Wednesday, October 1, 2014

Random Saturday- Part 2

This guy his on his 3rd week of being in the hospital from a severe leg infection and a broken arm after a tree fell on his house while he was sleeping. 
4 days later he came to the hospital for help.
Our nurses are doing a great job on dressing changes on his leg wound, and he is now infection free.
This poor guy is 12 (weighs only 50 lbs) has sickle cell anemia.
He is here for a perforated gall bladder,
 and now he has bone infections and is severely malnourished. 
Here is another child with sickle cell anemia and persistent fevers.
Without basic tests like blood cultures its hard to know the source of the fevers.
We do a lot of waiting, ultrasounds to look for abscess, and praying.

This guy his completing treatment for a type of malnutrition called kwashiorkor.
This is where he gets enough calories but not enough protein. 
It's been a tough start for this 6 month old.
Mom has HIV and so does this little one.
She's here because she has a fungal infection in her mouth,
and now she is unable to eat very well.

This little girl is on the way to getting better. 
She came in with severe diarrhea and dehydration.
This guy came in shock from probable malaria and is getting better now.
This little girl is another example of how life is hard for kids here. 
4 months ago she drank lye, now has severe esophageal stricture (can't get food down) 
We put in a tube in her stomach to get her back up to her weight.
She will probably have the stomach tube for the rest of her life.

You can see why one is never bored here in  Impfondo.  Overwhelmed? Yes.  At wits end? Yes. Grateful for prayers from people all over the world for the work here? Absolutely.  Thanks again for praying, more pictures to come.


Tuesday, September 30, 2014

Random Saturday- Part 1

Here's another look at the struggles and random joys here in Impfondo.
This a 11 month old who has severe malaria in his brain.
He's alive by God's grace
and the fact that we are the only hospital in the region that provides extra oxygen.
He also benefited from 2 blood transfusions.

This young guy also has severe malaria
but also severely low blood counts complicating his care.

This elderly lady needs surgery for twisted bowels.
There is no surgeon here.
She is now trying to recover from our efforts at surgery.
This kid is happy, he was able to get blood for his anemia and malaria.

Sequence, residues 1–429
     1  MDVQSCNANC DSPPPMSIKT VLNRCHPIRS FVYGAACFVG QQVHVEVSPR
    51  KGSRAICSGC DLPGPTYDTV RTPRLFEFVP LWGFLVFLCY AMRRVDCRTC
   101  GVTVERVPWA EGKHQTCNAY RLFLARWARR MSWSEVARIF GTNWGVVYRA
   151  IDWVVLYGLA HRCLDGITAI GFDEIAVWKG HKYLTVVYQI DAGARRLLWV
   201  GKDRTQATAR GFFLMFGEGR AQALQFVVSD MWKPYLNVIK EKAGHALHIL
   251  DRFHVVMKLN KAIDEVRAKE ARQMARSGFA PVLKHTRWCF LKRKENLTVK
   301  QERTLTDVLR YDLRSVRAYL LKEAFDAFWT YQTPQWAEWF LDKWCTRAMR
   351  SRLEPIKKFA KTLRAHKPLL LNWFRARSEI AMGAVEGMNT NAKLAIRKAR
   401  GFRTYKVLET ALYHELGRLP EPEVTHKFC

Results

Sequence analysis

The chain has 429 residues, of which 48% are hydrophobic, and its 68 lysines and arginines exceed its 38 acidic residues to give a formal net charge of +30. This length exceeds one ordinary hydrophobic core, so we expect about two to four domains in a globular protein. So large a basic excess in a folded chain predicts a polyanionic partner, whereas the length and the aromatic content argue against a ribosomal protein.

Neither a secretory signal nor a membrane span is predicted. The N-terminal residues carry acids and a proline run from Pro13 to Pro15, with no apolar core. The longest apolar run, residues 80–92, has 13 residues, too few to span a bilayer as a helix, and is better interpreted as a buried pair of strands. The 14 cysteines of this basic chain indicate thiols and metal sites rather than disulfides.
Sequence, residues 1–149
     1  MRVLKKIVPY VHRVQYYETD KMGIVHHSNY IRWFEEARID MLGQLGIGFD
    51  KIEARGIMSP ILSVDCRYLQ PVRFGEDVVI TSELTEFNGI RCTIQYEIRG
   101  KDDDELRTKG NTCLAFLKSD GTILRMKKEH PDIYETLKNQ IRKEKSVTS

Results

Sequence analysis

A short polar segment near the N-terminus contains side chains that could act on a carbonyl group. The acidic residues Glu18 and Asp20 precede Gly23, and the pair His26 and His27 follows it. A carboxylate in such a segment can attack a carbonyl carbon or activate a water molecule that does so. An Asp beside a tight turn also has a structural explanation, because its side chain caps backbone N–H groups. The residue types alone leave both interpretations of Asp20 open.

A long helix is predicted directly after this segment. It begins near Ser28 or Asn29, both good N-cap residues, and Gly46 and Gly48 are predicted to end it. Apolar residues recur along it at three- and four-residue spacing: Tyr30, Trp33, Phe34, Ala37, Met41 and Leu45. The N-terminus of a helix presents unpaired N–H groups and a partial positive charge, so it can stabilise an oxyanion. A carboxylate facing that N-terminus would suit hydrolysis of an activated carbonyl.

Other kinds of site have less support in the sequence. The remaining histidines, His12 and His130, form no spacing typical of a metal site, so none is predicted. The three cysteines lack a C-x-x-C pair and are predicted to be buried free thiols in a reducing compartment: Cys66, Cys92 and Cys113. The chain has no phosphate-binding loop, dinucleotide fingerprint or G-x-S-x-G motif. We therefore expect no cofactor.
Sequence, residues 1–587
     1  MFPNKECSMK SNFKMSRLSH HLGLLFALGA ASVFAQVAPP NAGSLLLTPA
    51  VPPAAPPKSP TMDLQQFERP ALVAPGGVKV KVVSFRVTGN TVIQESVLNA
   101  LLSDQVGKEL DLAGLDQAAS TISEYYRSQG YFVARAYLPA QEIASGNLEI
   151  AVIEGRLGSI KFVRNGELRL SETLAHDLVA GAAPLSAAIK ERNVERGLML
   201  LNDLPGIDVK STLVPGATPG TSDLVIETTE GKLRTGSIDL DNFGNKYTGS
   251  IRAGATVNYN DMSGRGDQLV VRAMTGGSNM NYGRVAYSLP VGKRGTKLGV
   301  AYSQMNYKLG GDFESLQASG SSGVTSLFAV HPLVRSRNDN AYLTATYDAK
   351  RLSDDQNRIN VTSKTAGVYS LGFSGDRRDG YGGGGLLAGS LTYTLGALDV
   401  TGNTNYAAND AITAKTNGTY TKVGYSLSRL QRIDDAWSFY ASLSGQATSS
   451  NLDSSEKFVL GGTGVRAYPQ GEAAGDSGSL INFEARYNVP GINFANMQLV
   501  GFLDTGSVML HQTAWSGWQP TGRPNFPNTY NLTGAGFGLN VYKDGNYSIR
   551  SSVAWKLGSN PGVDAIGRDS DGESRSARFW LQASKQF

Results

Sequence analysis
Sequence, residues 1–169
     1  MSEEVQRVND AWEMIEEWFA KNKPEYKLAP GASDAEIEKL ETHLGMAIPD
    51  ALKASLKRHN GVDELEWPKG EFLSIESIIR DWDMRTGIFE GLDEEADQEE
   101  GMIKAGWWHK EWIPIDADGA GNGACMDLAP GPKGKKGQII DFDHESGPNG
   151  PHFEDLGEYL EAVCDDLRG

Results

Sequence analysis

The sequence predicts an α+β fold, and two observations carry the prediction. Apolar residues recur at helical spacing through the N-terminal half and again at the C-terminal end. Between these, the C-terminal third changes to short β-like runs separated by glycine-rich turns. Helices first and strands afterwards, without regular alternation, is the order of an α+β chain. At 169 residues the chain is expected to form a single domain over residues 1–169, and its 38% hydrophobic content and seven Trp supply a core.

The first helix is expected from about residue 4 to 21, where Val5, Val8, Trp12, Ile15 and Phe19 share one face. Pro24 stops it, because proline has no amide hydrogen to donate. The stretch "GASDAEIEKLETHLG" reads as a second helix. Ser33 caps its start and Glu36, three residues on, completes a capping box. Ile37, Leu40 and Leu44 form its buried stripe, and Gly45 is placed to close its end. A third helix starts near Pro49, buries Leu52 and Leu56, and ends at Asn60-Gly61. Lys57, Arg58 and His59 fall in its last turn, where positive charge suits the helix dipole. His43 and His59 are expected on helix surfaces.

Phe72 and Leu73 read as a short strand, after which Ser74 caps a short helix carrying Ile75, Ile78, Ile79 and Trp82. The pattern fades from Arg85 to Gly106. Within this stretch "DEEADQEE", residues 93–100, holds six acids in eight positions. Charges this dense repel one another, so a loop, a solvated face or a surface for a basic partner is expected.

It took him 3 days just to get to the hospital.

This poor guy has a diarrhea bug and is very dehydrated. 
He also  has cerebral palsy from a neonatal infection. 
We're trying to keep the mom encouraged to give treatments and not give up hope.

Never mind the prints on the sheet,
this lady is here for abdominal pain but is happy to go home.

This guy is a muslim who wrecked when he hit a pig. 
He was heard to say "what the halal?!"
Actually he illustrates (a) trauma is a major issue in Congo and
(b) you have to make your own  stuff a lot here.  Notice the homemade c-collar
There are more pictures to come on yet another random saturday post.  Thanks for praying for us and giving to the work here.


Sunday, September 28, 2014


Stephen preached this Sunday. Before he started the sermon, he gave a public health announcement. The best way to avoid Ebola is to wash your hands, don't touch dead bodies, etc. He also told people that a false rumor is going around that eating raw sheep meat along with some instant coffee and milk will keep you from catching Ebola.  Don't try it!
 I bet this is different than what you heard in your church service!
Dried beans and vegetables for sale at the market.
With the border closed between the two Congos, it is more difficult to find meat.
Good thing we like beans and rice!

It takes a village to make frappachino for Stephen!
The five of us managed to do it together!

Saturday, September 27, 2014

Biking out of town

If you go north from the hospital, you leave the main part of town.
The views are quite different.

Stephen and I have been trying to go together a couple of times a week.
We've even managed to do a little off-roading.
Biking in the jungle- that's a first!

Sometimes the paved road is rougher than off-roading!

Another off road trail

Where's the trail?
The trail seemed to disappear a few times into tall grass.
More of the "paved road" and local traffic
We passed through this village
Local fruit (or vegetable?)